Asymmetric dimethylarginine predicts survival in the elderly

Francesco Pizzarelli, Renke Maas, Pietro Dattolo, Giovanni Tripepi, Stefano Michelassi, Graziella D'Arrigo, Maren Mieth, Stefania Bandinelli, Luigi Ferrucci, Carmine Zoccali

Research output: Contribution to journalArticle

Abstract

Asymmetric dimethylarginine (ADMA) is an endogenous inhibitor of nitric oxide synthase implicated in several age-related biological mechanisms such as telomere shortening and cell senescence. We tested the hypothesis that ADMA blood level is an independent predictor of mortality in elderly. This is a longitudinal population-based cohort study. Participants are a representative cohort of 1,025 men and women (age range 65-102 years) living in Chianti area, Tuscany, Italy. The plasma ADMA was measured by liquid chromatography- tandem mass spectrometry. During the follow-up (95±32 months), 384 individuals died, of whom 141 (37 %) died of cardiovascular (CV) causes. In adjusted analyses, the plasma ADMAwas the strongest predictor of all-cause mortality (HR (0.1 μMol/L) 1.26, 95 % CI 1.10-1.44, P60 μMol/L. Notwithstanding the association ofADMA with all-cause mortality was robust, this biomarker failed to add predictive power to a simple model based on the risk factors in the elderly (area under the ROC curve 0.85±0.01 vs. 0.84±0.01). ADMA is a strong independent predictor of mortality in the older population, and L-arginine modifies the effect of ADMA on survival. The mechanisms for this association should be targeted by future studies.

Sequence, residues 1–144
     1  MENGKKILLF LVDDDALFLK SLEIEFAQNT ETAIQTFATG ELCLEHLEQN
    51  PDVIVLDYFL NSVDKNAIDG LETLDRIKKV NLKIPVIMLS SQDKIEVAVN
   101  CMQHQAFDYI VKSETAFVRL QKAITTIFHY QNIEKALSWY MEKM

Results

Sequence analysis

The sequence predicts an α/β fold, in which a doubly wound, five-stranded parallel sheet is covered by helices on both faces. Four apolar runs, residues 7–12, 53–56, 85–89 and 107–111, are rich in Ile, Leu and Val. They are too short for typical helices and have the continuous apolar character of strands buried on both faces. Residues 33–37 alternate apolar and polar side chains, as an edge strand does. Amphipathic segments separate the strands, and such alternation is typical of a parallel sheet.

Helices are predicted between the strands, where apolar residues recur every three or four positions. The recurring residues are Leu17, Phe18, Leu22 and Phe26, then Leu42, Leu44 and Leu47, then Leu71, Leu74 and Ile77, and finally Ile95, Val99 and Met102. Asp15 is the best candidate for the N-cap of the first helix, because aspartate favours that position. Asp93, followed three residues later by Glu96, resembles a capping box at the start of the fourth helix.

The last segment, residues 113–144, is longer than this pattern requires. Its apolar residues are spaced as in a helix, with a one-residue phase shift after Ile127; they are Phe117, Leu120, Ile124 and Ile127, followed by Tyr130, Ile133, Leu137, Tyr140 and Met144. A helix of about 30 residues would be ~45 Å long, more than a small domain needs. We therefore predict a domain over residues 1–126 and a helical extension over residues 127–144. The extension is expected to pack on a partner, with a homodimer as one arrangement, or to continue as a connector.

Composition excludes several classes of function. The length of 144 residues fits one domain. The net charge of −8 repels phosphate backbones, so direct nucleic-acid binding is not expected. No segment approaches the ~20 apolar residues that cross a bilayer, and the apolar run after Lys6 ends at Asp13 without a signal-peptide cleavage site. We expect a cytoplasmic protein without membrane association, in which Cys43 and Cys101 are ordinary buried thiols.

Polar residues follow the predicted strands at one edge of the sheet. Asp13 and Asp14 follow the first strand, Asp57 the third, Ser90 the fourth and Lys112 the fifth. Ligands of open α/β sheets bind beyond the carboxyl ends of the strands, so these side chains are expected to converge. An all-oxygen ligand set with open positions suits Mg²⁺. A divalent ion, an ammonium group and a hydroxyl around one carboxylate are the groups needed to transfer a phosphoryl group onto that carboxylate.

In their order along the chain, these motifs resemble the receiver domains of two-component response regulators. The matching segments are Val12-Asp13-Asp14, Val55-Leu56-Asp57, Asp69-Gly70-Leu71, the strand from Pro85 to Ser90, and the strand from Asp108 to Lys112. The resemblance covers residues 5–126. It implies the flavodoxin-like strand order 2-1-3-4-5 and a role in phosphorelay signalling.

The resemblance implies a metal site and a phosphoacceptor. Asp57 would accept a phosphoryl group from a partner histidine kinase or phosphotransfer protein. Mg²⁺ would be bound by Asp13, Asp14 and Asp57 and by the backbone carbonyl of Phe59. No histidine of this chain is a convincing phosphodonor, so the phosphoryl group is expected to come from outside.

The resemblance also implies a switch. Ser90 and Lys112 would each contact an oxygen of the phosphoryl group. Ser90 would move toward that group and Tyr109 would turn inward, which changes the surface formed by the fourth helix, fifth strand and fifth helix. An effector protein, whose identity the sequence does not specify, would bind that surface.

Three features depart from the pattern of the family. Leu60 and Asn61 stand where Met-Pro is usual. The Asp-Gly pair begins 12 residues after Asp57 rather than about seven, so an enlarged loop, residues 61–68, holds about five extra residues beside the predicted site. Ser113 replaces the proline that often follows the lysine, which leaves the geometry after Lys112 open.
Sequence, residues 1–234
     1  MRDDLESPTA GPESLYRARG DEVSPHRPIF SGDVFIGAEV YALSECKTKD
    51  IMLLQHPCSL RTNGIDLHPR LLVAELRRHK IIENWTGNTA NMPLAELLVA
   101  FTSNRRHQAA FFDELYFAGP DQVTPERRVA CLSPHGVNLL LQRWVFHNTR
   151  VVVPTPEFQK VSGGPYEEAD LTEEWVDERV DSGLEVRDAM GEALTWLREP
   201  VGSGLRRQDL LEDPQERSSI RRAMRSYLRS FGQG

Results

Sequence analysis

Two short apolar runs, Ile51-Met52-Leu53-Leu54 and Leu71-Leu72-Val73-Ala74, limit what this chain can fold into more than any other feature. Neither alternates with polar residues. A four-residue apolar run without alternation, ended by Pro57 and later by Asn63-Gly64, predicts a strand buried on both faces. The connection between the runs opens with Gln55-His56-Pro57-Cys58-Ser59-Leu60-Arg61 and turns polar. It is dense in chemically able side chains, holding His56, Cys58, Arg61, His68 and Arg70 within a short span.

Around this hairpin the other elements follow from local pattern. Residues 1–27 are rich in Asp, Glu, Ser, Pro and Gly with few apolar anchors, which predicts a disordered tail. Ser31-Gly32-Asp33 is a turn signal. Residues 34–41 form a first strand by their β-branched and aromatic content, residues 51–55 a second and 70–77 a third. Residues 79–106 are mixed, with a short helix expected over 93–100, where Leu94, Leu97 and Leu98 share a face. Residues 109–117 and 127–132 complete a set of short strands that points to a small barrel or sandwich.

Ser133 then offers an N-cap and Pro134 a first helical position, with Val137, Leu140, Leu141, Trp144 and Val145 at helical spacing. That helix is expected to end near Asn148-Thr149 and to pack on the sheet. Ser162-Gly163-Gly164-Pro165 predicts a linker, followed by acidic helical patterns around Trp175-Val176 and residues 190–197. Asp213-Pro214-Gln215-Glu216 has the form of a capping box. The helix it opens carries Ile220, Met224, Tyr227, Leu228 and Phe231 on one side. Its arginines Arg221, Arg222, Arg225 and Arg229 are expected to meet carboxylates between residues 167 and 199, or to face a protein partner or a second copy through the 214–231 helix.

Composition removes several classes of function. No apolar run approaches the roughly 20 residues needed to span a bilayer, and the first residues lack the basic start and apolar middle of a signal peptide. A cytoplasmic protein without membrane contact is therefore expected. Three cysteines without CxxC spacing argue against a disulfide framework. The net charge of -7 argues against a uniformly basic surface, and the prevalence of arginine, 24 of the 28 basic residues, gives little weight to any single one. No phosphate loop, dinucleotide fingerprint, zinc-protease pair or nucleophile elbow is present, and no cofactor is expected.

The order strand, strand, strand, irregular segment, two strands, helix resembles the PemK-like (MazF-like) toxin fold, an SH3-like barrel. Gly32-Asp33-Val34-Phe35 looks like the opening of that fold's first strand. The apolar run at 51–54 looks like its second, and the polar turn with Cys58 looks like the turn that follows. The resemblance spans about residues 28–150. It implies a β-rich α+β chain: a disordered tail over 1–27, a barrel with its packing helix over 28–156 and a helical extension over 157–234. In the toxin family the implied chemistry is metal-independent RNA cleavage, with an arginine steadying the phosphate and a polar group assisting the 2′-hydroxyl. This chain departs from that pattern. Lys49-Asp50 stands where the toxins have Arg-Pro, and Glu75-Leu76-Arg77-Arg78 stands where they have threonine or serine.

Original languageEnglish (US)
Pages (from-to)2465-2475
Number of pages11
JournalAge
Volume35
Issue number6
DOIs
Publication statusPublished - Dec 2013
Externally publishedYes

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Keywords

  • ADMA
  • Cardiovascular risk factor
  • Elderly
  • Population study
  • Survival

ASJC Scopus subject areas

  • Aging
  • Geriatrics and Gerontology

Cite this

Pizzarelli, F., Maas, R., Dattolo, P., Tripepi, G., Michelassi, S., D'Arrigo, G., ... Zoccali, C. (2013). Asymmetric dimethylarginine predicts survival in the elderly. Age, 35(6), 2465-2475. https://doi.org/10.1007/s11357-013-9523-1